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FTC Slams $20M Fine On Microsoft For Breaching COPPA

FTC fines Microsoft $20 million

It has been one lawsuit to another for Microsoft in recent months. From being blocked by UK regulators from completing Activision takeover, the Federal Trade Commission (FTC) on Monday, June 5 announced that it has slammed $20m on Microsoft for the violation of the Children’s Online Privacy Protection Act (COPPA).

FTC Fines Microsoft $20 million

According to FTC, Microsoft collected personal information from children who registered to its Xbox gaming system without consent from their parents or sending notifications to their parents and has illegally retained such information.

“Our proposed order makes it easier for parents to protect their children’s privacy on Xbox, and limits what information Microsoft can collect and retain about kids,” said Samuel Levine, Director of the FTC’s Bureau of Consumer Protection. “This action should also make it abundantly clear that children’s avatars, health information, and biometric data are not exempt from COPPA.”

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In addition to the fine of $20 on Microsoft, the tech giant is required to take a series of steps to increase privacy protections for child users of its Xbox system. The proposed order will extend to any third-party publishers that Microsoft shares children’s data with. A federal court must approve the order before it is enforced.

The COPPA Rule that Microsoft violated

Microsoft logo

COPPA Rule makes it mandatory for online websites and services targeted at children under 13 years to inform their parents about the personal information they collect and get the consent of the parents through verifiable means before collecting and using such personal information.

A complaint filed by the Department of Justice (DOJ) shows that Microsoft violated the COPPA Rule’s notification, consent, and data retention regulations. To use Microsoft’s Xbox gaming products or any other Xbox Live service, users are mandated to provide personal information which includes their first and last name, date of birth, and email address.

Up until 2021, users were still asked to provide personal information like phone numbers and agree to Microsoft’s service agreement and advertising policy, even when they indicated that they were under 13 years. According to the complaint, as of 2019, the agreement included a checkbox that allowed Microsoft to share the data of the user with advertisers and to send promotional messages to the user.

It was after ‘harvesting’ the personal data that Microsoft asked those under 13 years to involve their parents. The parents were now required to complete the account creation process before the child will get the account.

Microsoft was accused of retaining the data it collected from children during the account creation process from 2015 to 2020—sometimes for years—even when the parents did not complete the account creation process.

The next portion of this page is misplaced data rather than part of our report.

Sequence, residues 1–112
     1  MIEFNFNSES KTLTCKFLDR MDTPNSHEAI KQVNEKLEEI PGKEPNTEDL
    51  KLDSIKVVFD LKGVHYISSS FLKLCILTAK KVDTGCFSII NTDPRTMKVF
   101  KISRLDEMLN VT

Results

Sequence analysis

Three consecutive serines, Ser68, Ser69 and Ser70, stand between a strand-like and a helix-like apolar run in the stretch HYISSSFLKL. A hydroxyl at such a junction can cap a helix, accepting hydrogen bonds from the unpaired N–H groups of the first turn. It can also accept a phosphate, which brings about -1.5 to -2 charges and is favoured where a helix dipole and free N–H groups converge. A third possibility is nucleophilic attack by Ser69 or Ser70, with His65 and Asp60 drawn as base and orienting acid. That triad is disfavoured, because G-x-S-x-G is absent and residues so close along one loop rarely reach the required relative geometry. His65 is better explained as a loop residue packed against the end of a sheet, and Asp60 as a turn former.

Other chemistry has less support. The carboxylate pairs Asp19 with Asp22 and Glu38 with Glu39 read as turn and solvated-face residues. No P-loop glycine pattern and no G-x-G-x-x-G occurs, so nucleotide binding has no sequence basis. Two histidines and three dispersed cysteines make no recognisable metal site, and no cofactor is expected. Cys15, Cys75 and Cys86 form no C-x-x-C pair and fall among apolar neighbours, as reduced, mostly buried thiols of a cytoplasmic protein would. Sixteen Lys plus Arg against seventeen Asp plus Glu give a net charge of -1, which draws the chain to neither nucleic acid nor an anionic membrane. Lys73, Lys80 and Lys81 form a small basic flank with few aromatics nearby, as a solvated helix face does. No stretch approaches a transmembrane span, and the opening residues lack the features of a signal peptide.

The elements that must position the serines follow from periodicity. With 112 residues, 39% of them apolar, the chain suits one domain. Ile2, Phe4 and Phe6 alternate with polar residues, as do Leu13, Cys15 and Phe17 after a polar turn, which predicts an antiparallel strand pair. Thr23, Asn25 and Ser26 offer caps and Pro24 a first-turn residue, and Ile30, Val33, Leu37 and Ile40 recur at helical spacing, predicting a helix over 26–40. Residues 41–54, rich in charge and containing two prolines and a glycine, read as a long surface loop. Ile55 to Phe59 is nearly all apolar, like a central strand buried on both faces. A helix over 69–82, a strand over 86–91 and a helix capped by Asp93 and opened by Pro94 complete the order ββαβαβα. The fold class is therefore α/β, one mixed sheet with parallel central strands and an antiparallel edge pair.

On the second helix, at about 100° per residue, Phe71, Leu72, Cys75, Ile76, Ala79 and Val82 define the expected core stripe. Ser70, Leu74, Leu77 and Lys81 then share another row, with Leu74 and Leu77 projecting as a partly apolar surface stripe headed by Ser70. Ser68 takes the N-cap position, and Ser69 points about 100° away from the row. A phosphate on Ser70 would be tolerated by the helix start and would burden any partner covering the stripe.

COPPA regulation prohibits the retention of children’s personal details longer than the purpose for which it was collected. The complaint said Microsoft did not disclose all the information they collected to parents. You can read the full FTC press release here.

Microsoft and Xbox reimagine the future after the FTC settlement

Dave McCarthy, CVP Xbox Player Services owned by Microsoft
Dave McCarthy, CVP of Xbox Player Services

In a lengthy announcement posted on the Xbox news site, Dave McCarthy, the Corporate Vice President of Xbox Player Services, explained the commitment of Xbox to provide a “safe and secure experience” to all players on its platform—especially younger players.

“We recently entered into a settlement with the U.S. FTC to update our account creation process and resolve a data retention glitch found in our system,” wrote McCarthy. “Regrettably, we did not meet customer expectations and are committed to complying with the order to continue improving our safety measures.”

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McCarthy agreed that Xbox and Microsoft “can and should do more” when it comes to privacy, safety, and security for its community. McCarthy emphasized that since the first internet-enabled console was released in 2005, Microsoft and Xbox have continued investing in technologies and tools that protect the community.

“Over the coming months, we will test new methods to validate age and take feedback from our customers’ experience. The learnings from these trials will directly inform advancements in our player identity systems.”

Dave McCarthy, CVP Xbox Player Services

Following the FTC settlement, Xbox has updated the account creation process with the date of birth becoming the first identification that players will have to provide. Once the player is under 13 years, verified parental consent will be required before the player will be asked to provide other personal information. Read the full statement by McCarthy here.

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